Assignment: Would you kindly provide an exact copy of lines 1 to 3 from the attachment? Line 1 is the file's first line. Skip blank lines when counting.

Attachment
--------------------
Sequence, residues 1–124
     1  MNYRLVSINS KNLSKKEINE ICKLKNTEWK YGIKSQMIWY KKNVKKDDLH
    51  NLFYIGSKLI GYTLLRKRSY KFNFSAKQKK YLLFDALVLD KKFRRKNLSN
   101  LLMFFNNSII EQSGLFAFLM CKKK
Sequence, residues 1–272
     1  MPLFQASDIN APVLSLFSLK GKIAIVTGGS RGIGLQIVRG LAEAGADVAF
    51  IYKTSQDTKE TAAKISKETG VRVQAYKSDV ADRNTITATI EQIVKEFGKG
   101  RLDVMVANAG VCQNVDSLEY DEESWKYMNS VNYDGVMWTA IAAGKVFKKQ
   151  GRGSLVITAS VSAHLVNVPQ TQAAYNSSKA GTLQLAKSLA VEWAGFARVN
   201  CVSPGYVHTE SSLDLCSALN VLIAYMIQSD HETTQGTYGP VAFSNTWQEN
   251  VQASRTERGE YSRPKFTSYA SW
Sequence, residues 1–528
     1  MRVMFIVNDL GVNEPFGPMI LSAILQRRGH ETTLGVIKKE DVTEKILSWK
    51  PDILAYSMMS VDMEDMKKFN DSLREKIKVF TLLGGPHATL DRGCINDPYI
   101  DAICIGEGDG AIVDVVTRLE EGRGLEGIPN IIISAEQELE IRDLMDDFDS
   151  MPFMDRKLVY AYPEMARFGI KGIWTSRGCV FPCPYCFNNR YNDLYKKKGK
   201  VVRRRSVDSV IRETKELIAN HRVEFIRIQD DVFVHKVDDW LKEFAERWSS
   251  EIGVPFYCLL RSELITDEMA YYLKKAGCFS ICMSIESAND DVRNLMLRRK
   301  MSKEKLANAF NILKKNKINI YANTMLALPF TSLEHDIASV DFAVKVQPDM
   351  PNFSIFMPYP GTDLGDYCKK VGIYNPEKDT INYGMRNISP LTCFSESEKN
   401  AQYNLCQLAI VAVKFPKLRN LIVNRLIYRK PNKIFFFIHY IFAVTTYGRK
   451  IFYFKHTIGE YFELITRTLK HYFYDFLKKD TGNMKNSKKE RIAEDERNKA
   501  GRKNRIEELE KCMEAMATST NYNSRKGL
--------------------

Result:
Sequence, residues 1–124
     1  MNYRLVSINS KNLSKKEINE ICKLKNTEWK YGIKSQMIWY KKNVKKDDLH
    51  NLFYIGSKLI GYTLLRKRSY KFNFSAKQKK YLLFDALVLD KKFRRKNLSN